For a group so young, it is hard to believe they have become so well-established, and so critically recognised, so early. You could similarly zero in on Grizzly Bear. Ed Droste punted off their set by shaking his tambourine to "Southern Point" as England kicked off against Germany. Crowd-wise, they were another victim of curious circumstances, but battled through. Recent tracks from their album Veckatimest abounded during a cerebral and mellow set; it becalmed roaring headaches and Sunday's increasing draw of home.
What's it like for the performers? Matt Berninger, The National's lead singer, penned a précis: "This is how it looked like in our heads. But it was a little darker," he intoned from the stage. "And there were more girls down the front." He headed out into the crowd twice; doubling, leaping, crouching, stirring in his emotion and mastery of literate rock. Ironically, his subjects are dark, though "Fake Empire", to a retreating sun, unified the jaded and gave a leg-up to the drunk.
The larger acts, necessarily, had farther to fall. MGMT's last album, Congratulations, took a wrong turn into left-field (not the Glastonbury arena of the same name, sadly) and slapped their mainstream fan-base in the face; much of the live material followed suit. Scissor Sisters, meanwhile, were perfect mainstream fodder, and fun, though unvarying in their cabaret. Flaming Lips's show was steady, but always ample craic.
Meanwhile, all paled next to Stevie Wonder: a man wowing festival audiences for decades traced heritage in the upper echelons of pop. Acts like these, or Shakira, or Seasick Steve, or the timeless professionalism of Willie Nelson and even Rolf Harris kept the familial contingent happy; goodwill seeped into any cracks like Polyfilla.
After-dark shenanigans were the next phase, played out in the dance arenas, like Arcadia and Shangri-La, these two often shut of an evening as they quickly reached capacity. They benefited from the Balearic climate; intense, shape-shifting arenas of flame thrown into the sky by sculptures, skeletons, the shells of military vehicles. "Belgian electronica with twisted beats" has never been so enlivened by girls in hot-pants climbing fifteen feet into the air or men dressed like Rubik's Cubes.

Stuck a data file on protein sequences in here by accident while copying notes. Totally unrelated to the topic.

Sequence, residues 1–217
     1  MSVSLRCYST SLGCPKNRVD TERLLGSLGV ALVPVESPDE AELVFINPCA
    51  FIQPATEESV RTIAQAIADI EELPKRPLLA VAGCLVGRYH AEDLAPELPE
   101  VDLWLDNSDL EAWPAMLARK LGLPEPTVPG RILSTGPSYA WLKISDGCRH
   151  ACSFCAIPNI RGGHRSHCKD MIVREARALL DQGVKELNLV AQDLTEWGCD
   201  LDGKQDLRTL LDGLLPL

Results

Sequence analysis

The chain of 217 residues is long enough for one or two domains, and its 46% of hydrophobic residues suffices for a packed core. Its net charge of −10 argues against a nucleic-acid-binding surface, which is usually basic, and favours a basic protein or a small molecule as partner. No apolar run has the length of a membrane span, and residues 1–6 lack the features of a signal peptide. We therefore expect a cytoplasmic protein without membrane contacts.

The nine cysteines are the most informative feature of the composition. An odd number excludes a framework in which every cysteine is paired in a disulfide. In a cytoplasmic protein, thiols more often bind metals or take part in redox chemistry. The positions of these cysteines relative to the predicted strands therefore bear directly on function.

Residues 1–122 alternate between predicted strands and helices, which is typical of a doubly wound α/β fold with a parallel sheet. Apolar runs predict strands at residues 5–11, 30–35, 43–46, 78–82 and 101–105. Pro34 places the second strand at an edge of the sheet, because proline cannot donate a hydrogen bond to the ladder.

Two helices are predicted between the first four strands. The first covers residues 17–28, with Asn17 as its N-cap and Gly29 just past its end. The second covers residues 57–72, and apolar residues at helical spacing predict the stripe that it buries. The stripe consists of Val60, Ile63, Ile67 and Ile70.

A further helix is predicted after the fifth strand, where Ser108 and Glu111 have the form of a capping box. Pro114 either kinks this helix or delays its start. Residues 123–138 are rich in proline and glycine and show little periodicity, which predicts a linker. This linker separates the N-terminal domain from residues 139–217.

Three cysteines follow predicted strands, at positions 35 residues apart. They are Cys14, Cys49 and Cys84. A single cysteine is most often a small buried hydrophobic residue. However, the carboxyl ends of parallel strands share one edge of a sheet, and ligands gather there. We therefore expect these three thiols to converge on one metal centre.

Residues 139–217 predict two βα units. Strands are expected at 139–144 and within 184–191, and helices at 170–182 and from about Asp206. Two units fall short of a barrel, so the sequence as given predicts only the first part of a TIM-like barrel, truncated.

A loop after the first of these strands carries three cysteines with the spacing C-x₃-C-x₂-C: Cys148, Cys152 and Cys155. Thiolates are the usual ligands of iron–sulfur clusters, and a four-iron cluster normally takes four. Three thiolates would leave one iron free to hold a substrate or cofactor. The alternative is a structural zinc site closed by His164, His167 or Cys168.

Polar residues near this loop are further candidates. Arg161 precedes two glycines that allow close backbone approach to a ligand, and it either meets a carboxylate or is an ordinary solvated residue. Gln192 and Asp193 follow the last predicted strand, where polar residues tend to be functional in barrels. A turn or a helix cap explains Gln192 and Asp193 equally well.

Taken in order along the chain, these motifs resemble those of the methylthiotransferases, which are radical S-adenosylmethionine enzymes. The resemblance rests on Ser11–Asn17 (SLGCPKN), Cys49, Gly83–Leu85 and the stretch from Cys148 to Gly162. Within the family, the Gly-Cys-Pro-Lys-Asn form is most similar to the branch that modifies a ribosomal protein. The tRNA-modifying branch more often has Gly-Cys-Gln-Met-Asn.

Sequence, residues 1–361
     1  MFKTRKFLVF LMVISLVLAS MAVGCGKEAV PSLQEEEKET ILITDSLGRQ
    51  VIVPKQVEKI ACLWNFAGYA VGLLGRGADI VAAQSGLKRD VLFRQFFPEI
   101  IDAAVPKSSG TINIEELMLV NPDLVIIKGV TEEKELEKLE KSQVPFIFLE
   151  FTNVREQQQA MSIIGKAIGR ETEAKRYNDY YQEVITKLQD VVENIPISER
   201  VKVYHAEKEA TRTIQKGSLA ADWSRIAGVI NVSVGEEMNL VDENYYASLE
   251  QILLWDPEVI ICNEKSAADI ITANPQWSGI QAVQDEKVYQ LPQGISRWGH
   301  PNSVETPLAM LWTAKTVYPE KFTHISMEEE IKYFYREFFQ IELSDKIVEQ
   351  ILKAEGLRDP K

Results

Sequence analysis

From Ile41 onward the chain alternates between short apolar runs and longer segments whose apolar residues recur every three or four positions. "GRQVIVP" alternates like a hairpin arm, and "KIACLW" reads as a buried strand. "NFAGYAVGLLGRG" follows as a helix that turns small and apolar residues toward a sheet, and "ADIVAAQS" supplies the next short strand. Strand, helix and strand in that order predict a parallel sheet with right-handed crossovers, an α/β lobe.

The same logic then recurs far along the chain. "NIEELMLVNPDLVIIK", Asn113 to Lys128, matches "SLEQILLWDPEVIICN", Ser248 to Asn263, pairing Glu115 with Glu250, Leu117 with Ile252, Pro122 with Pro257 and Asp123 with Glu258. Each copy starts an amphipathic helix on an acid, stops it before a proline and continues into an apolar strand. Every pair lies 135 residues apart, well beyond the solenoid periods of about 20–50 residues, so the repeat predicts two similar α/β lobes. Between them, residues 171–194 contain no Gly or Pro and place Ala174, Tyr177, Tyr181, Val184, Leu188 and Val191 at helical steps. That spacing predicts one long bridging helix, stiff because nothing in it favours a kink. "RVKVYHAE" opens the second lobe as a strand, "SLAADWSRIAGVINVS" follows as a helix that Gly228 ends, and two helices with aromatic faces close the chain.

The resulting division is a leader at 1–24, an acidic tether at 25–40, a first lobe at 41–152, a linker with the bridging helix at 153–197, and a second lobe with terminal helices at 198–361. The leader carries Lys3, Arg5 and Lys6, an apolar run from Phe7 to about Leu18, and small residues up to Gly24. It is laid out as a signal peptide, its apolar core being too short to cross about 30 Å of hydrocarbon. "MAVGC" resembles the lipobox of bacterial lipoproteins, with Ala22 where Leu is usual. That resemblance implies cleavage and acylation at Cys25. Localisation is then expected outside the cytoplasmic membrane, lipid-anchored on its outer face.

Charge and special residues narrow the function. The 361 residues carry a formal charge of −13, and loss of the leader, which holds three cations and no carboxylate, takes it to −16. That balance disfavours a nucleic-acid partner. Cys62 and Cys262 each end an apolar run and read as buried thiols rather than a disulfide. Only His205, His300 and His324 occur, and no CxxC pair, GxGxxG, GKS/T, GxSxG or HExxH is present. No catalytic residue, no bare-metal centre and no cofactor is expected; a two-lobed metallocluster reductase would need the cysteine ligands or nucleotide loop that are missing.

There was even the opportunity to relax away from the bigger stages. Vashti Anna entwined polymath influences – carnatic music, particularly – to ensnare the audience with indiscreet tales of her relationships on Thursday night. Such performances, in the more relaxing hills to the south, were soporific. There, in the shade, the grass was strewn with punters snoozing. There was maybe even the odd performer, seeking a balm for the blisters delivered by punishing skies, not to mention the scars left by the unforgiving burn of critical glare.
Hits and misses
1. Local Natives
Silver Lake's mellow crooners captivated with epileptic moves and unrelenting winners from their 2009 album, 'Gorilla Manor'.
2. Miike Snow
Sophisticated, anthemic pop from a front man with the best moustache not grown for charity: Andrew Wyatt. Boasted an impressive vocal range, which buoyed the stand-out hit "Animal".
3. Laura Marling
"Blackberry Stone" and "Don't Ask Me Why" flooded across the Park Stage during a blissful Saturday evening set. It was a landmark in her evolution as an artist. It also provoked one man to propose to his girlfriend (she said yes).
4. Dizzee Rascal
"Dance Wiv Me" rendered the crowd an expansive, pogoing mess. The Bow-born rapper even got a smacker from Florence Welch after their duet for "You Got the Dirtee Love". The modern pop equivalent of Sonny and Cher?
... and the worst
Being joined on stage by their assembled shiny friends cemented the feeling that you had to be on the inside to enjoy it; not helped by material from their brain-bending latest album, 'Congratulations'. Stand-out track was, yet again, "Kids".
6. Field Music
Sunderland-based rockers fronted by fraternal team David and Peter Brewis failed to ignite with a selection of damp-sounding songs on the John Peel stage, the festival's stand-out platform for new music. Protracted technical glitches at the start didn't help.
7. Scissor Sisters
Their shtick never varies: and the New York glam factor seems a little dated post-Gaga. Popular among a dancing crowd, though a little more variety might have helped them to shine like Kylie who made a welcome guest appearance in thigh-high studded boots and cape.
8. Lightning Seeds
Played an acoustic version of "Three Lions"; given England's later performance, a poor choice. Seemed heavy-limbed alongside frenetic younger bands, and undeserving of the large crowd they attracted to the Pyramid Stage.